But if Democrats now expect their contenders for an elusive political prize to dial back the negative ads, disappointment awaits. Neither camp is standing down.
“It’s not changing anything,” said Roy Occhiogrosso, the media adviser to Malloy. “All it means is [Lamont’s] pretty much waved the white flag of surrender.”
“That’s ridiculous,” said Justine Sessions, communication director for Lamont.
Now the debate over why Lamont changed his mind has begun, with each camp mindful that the debate will have a relatively small television audience.
Shaping the buzz about the debate ultimately may be more important than the actual event.
Occhiogrosso, who advised Malloy on his previous run for governor in 2006, when he narrowly lost a primary to John DeStefano, said Lamont’s refusal to debate in the closing weeks before their Aug. 10 primary had become untenable.
“The reason he changed his mind is because he had to,” Occhiogrosso said. “Ducking debates had become part of the narrative about this campaign, not just for the insider world, but because of the average voter.”
Since the Democratic field narrowed to two, Lamont and Malloy have debated once, meeting in June at the studios of NBC30 in West Hartford for a 60-minute debate. Lamont refused two other televised debates, including the forum at WFSB.
Lamont announced Thursday morning that he had reconsidered.
“Ned thought this out very carefully and made a decision based on Dan’s decision to take this campaign down a road toward negative attacks, false attacks and character attacks,” Sessions said.
Sessions said Lamont is looking forward to confronting Malloy about his advertising. He is hardly being backed into the debate, she said.
“If anything, Ned is leading the charge forward,” she said.
In other words, Nancy DiNardo should not put away her bottle of Tums.
The Democratic state chairwoman has been watching with some alarm the sudden serve-and-volley nature of Malloy and Lamont’s moves and counter moves on television.
For a generation, the office of governor has been the only significant prize beyond the reach of Connecticut Democrats. The party’s most recent victory was by William A. O’Neill in 1986.
“What my goal really is is after the primary we will have everybody united behind one candidate,” DiNardo said. “Everybody seems to be in agreement. I have heard both Dan and Ned say that come Aug. 11 we are one party.”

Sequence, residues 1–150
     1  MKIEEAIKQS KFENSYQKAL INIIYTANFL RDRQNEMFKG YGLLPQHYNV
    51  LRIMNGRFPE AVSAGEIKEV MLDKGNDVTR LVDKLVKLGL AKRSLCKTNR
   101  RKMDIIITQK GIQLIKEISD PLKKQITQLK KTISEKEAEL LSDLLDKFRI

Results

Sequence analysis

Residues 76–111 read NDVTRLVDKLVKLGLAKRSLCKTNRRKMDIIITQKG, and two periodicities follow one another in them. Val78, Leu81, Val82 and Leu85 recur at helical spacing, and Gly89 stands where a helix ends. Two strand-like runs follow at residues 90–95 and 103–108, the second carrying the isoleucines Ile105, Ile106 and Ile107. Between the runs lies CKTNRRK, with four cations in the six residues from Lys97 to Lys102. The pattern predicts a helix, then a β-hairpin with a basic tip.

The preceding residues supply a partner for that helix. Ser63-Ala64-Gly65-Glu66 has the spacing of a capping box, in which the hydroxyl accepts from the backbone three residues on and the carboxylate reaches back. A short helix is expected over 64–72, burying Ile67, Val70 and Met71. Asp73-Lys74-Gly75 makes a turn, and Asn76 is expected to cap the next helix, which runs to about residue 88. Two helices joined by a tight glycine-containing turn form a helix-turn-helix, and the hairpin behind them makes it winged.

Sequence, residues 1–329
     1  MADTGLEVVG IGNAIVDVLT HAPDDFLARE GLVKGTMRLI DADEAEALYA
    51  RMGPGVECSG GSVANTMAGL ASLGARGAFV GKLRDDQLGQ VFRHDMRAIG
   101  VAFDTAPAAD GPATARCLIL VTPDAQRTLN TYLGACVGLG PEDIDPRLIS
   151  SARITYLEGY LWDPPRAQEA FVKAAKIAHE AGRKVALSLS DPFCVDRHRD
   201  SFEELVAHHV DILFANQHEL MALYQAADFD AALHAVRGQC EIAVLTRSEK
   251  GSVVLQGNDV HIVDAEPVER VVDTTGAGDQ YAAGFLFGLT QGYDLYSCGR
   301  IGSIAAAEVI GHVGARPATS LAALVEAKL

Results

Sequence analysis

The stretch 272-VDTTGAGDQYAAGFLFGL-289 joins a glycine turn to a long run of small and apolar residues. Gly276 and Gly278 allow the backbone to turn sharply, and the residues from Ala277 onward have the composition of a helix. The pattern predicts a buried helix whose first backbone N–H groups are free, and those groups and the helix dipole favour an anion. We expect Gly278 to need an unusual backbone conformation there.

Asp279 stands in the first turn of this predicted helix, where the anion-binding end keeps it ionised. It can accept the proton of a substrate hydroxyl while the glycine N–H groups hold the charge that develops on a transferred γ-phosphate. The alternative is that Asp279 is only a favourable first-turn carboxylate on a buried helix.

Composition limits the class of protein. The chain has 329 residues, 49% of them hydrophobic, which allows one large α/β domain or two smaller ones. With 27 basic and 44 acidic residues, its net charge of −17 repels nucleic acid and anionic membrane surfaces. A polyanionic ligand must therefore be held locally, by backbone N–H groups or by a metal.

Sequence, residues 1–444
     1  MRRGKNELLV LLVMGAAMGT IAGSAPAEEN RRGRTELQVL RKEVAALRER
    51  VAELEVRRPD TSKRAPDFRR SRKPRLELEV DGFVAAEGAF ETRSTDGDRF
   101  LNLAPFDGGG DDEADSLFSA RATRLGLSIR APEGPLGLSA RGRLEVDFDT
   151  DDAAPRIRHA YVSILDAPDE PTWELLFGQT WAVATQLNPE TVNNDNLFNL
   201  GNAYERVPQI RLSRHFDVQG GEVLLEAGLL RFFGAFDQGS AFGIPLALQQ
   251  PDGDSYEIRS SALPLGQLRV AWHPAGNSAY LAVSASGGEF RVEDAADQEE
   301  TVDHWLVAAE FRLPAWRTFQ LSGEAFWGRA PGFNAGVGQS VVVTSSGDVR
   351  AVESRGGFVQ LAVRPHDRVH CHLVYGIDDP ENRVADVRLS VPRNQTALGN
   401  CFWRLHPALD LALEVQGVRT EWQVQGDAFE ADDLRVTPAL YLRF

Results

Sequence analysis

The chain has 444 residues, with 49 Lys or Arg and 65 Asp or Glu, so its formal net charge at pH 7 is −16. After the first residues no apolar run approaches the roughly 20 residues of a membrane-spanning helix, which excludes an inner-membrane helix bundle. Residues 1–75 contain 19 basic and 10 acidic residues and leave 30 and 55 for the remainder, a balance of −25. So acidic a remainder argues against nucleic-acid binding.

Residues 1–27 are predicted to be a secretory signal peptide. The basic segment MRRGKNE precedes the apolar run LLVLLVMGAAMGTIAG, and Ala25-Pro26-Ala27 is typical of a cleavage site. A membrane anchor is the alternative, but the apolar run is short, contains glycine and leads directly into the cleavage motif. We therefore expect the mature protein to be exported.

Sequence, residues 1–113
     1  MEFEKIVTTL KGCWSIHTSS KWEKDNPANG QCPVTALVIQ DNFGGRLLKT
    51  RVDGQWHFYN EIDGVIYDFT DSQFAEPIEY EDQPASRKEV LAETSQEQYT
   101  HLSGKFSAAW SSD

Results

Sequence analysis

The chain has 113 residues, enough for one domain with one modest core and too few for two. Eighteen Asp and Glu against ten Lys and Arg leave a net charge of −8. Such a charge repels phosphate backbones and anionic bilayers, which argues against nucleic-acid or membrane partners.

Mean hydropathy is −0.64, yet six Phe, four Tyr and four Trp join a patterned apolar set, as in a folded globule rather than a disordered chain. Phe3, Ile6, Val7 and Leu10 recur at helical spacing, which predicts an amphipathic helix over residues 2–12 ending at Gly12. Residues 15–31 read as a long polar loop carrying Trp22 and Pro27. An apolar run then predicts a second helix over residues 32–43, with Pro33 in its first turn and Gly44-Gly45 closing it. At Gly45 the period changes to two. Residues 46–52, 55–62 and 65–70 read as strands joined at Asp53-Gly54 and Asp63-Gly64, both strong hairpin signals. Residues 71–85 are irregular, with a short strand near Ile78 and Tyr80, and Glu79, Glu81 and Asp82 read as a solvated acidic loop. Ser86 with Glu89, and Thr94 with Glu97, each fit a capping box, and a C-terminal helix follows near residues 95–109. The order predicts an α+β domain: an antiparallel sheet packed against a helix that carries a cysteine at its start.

That was not the case in 2006, when Lamont won a Democratic primary for U.S. Senate, defeating a three-term incumbent, Joseph I. Lieberman.
At the unity press conference after the primary, no Democrat other than DiNardo publicly called on Lieberman to abide by the primary results. Lieberman stayed in the race as an independent and won.
Still, the Democratic campaign turned harsh quickly. Malloy attacked first, Lamont responded, and Malloy hit back harder. Judging by the commercials, one might think Lamont a racist and Malloy a crook. Both employed innuendo.
Malloy highlighted a racial discrimination lawsuit brought against Lamont as chief executive of Lamont Digital, his cable-television company. It was brought by a single employee and was settled.
Lamont ran a commercial that referred to a “climate of corruption” in Stamford when Malloy was mayor. Malloy was investigated for his relationship with city contractors and exonerated of wrongdoing.
On Thursday, Lamont lamented the ugly tenor of the campaign.
“The notion he is saddened by the turn of events that he helped to bring about is a fantasy. It’s a fairy tale,” Occhiogrosso said. “Spare me the ‘I’m saddened by what has happened.’ “
“Roy is a seasoned political operator, as is Dan Malloy, and maybe for them this is politics as usual. And maybe they are OK with it. But I work for a guy who has not run for office a lot,” Sessions said. “For him, he is saddened to see this is the point we have gotten to.”
In a familiar echo of every playground fight, each camp says the other started it — or at least threatened it.
Occhiogrosso said Malloy had been bracing for an attack since Lamont sent a crew to film the exterior of Malloy’s fashionable home in Stamford.
Ditto, says Sessions.
“He pulled some offensive, negative tactics in 2006, so we knew what we were getting into and we wanted to be prepared,” she said.
Malloy ran one memorable ad accusing DeStefano of being insensitive to woman’s issues. It show DeStefano in a series of poses as a woman in different stages of life.
“Maybe if John DeStefano were a woman, he’d think a little differently,” the announcer says. “Because he sure won’t as a governor.”
So, each camp says they loaded up on negative ads, because the other guy might go first.
“We wanted to be prepared,” Sessions said.
“I know what this sounds like,” Occhiogrosso said. “It sounds like a back and forth that turns voters off.”